I must admit that I was disappointed when this next issue of FLASH showed up, folded in half, in my mailbox. And that’s because the previous issue indicated that it was going to be a Giant-sized issue, a format that I loved. Alas, at some point in the intervening sixty days, a change was made, and only an ordinary-sized issue was released. Eventually, I’d get to read all of the reprint stories that had been selected for the aborted Giant-sized version in places like FOUR-STAR SPECTACULAR, but my disappointment was still palpable.


On the good side, this was the start of a storyline that felt like a huge epic to me as it was first coming out, the first storyline I’d ever read that went longer than two issues (it ran three.) The interior artwork by mainstay Irv Novick, a creator that I associate with the Flash to this day, was scratchily inked by Tex Blaisdell in this instance, not the greatest stylistic match. I can remember sorting out all of my issues by creative team and trying to work out what the difference was–at this point, I really didn’t understand what inking was, but I could tell the difference on the finished page.


This story also introduced me to Vandal Savage, a mainstay DC villain whose history extended back to the Golden Age. Here, the issue opened with the Flash racing home, having been delayed by some super hero activity from a dinner with his wife, Iris. Arriving at the Allen residence, he finds Iris absent, but the villainous Savage in attendance. Flash engages his immortal foe, and through the course of their scuffle, the entire house is destroyed!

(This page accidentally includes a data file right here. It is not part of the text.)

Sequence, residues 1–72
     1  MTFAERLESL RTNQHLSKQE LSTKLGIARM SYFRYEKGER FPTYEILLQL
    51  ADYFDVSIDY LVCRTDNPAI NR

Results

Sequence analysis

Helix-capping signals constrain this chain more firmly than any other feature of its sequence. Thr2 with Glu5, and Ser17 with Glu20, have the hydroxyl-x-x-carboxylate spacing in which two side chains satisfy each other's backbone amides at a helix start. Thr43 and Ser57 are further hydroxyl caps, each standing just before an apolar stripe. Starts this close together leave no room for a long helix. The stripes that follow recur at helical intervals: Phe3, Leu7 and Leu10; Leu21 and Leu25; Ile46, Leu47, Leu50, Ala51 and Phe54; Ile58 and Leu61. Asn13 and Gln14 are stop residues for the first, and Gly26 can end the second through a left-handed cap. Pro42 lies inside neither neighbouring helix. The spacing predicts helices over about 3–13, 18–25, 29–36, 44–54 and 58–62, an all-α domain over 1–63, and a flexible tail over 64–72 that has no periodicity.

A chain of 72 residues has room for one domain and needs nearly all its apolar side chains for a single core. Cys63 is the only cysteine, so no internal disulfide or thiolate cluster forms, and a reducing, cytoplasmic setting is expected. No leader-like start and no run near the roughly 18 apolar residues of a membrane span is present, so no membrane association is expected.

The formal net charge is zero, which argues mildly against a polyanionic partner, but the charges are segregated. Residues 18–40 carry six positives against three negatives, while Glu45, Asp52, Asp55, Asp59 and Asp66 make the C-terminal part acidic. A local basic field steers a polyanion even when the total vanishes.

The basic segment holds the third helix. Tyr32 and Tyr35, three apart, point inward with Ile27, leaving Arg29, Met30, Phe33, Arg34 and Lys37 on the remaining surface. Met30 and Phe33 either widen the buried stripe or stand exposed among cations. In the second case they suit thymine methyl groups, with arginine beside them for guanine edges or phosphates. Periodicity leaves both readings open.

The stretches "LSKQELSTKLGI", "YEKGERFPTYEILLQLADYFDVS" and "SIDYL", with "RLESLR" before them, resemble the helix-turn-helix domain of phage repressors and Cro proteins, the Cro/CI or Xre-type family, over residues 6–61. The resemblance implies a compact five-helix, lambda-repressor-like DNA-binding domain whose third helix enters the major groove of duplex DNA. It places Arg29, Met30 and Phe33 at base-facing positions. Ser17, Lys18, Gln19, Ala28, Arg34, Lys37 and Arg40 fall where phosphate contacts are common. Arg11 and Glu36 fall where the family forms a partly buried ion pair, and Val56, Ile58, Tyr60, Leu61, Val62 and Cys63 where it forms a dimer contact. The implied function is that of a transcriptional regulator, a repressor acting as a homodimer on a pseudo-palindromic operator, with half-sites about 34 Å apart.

Fortunately, the encounter was just an image planted in Barry’s mind by Savage. But Iris’s disappearance is very real. Meanwhile, in Coast City, Hal Jordan is similarly confronted by Vandal Savage, who claims responsibility for the disappearance of Carol Ferris.


The action then cuts to Earth-2, where Jay Garrick is attempting to corral some fleeing criminals in a plane. He is aided by the arrival of both Green lantern and the Earth-1 Flash, who have sought him out due to his experience in dealing with Savage. The three heroes compare notes, but Jay begs off on providing greater assistance–he says that he’s in the middle of a more urgent crisis right here on Earth-2.


Returning to Earth-1, Flash and Green lantern are lured across the country by images of Iris and Carol until they are confronted by a huge fireball, in the center of which seems to be the two women. The two heroes surge forward, intending to snuff the flames before they eat up all of the oxygen within the sphere, but their efforts boomerang upon them time and again.


But this is at least partially a ruse, to allow Green lantern the time for his Power Ring to locate Savage’s whereabouts. Turns out that Vandal is trying to regain his lost immortality, and he can do so with the fireball provided it has been charged by Flash-s super-speed and GL’s ring energy (in a manner that, frankly, doesn’t make a bit of sense. But roll with it.) Now that Savage can’t prevent their efforts, Flash is able to put out the flames–but when the sphere is broken open, only Carol Ferris is within.


His bluff revealed, Savage reveals admits that he’d intended to abduct Iris as well as Carol, but she was already missing when he had arrived. but he went ahead with his plan anyway, taking advantage of that fact. But now, Flash is still faced with the disappearance of his beloved wife, and absolutely no clues as to her whereabouts. But not so we readers, as the narrative switched back to Earth-2, where we see that Jay Garrick is responsible for Iris’s disappearance, and he vows that Barry can never see her again! Dun-dun-duuuun! To be continued!

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